Again, take it to the team! Discuss the problem in a Sprint Retrospective or another suitable moment. Earlier is better. Let the team explore what the problem is and how to potentially improve. Sometimes it is hard to get a grasp and know how to attack this problem. If you are unsure how to approach this, you can use an adapted version of the Team Competency Matrix, where the team additionally explores what they feel they are able to do but are not allowed yet. With these insights, find ways to collaborate more closely with those who are actually allowed and try to make the process smoother. In the mean time, work with Stakeholders to create awareness of the downsides of not having the full transparency of a releasable Increment each Sprint (miscommunication, quality, wait times, inefficiencies, etc). Thus hopefully creating movement towards more responsibilities and strengthening the Development Team’s mandate to do all the work needed for a Releasable Increment. Be aware, attempting to change the structure of a process or organization is very hard, since every structure has evolved to keep itself in place. But keep raising Transparency of the problems to the right Stakeholders [4] (those with power & interest [5] preferably) and you should be able to get there.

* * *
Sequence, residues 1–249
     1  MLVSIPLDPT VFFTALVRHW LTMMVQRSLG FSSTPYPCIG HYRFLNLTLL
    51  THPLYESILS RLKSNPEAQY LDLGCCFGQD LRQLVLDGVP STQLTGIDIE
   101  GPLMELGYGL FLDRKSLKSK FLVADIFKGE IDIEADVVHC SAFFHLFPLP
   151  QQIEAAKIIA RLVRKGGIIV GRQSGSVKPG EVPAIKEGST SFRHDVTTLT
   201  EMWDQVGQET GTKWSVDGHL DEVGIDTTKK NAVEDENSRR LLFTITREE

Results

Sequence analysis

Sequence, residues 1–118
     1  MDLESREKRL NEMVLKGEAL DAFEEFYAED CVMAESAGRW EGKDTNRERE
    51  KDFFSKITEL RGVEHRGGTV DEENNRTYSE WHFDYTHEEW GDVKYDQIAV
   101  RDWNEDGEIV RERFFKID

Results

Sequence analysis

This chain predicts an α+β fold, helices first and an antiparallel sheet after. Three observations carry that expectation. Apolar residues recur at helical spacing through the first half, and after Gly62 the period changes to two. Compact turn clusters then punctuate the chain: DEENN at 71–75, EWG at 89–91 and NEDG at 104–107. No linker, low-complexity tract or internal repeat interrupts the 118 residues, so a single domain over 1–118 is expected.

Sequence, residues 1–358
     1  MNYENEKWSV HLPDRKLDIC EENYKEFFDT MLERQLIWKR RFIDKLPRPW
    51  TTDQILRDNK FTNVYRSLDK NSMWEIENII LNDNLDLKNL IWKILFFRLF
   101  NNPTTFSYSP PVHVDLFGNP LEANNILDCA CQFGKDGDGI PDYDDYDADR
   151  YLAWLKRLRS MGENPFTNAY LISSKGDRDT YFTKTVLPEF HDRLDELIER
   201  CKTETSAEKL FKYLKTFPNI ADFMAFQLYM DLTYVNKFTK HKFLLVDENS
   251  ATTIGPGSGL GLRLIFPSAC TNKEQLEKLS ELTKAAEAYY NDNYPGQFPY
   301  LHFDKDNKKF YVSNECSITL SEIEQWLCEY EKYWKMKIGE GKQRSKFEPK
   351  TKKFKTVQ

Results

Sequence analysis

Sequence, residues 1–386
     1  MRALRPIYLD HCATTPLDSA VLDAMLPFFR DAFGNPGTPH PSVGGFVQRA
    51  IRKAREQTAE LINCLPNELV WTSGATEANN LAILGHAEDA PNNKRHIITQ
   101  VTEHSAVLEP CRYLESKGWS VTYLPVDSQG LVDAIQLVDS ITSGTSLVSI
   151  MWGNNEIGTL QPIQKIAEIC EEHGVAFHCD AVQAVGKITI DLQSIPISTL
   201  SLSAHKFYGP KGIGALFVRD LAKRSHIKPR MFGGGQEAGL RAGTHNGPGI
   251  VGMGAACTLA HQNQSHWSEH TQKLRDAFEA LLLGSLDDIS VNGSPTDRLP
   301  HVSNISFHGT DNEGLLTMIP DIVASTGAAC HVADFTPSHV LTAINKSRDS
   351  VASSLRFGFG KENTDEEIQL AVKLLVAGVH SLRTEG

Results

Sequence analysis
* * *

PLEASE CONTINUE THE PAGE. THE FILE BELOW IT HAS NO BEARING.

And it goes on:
In this post I’ve addressed the need for a releasable Increment, hopefully giving more insight into why this is essential to Scrum. Others have written about this topic in way more depth and I encourage you to deepen your Scrumderstanding by diving into the topic deeper, for instance the Scummerfall antipatterns [6] or the Empiricism saga (Transparency [7], Inspect, Adapt). However, knowing what is needed and why is not enough to start improving. Therefore I’ve described two common scenarios of not being able to create a releasable Increment, and common examples and approaches to start improving. Notice that while teams that do not create a releasable Increment each Sprint are in fact not doing Scrum, they can benefit greatly of the Scrum Framework on their path to Scrum. There is a lot to be gained by using Scrum’s rules as a target and its empirical process control to support continuous improvement towards getting real, rapid market feedback.

Do you want to get to better grips with concepts like the releasable Increment, Empiricism, Roles & responsibilities in Scrum? These and other essential insights, PLUS practical options to complement and strengthen Scrum & agility are on the Learning Backlog of & Prowareness training. Find all my classes on my profile and browse for the complete Prowarenss training catalog (mostly Dutch, some courses available in English). Please reach out to me for in-house customized programs!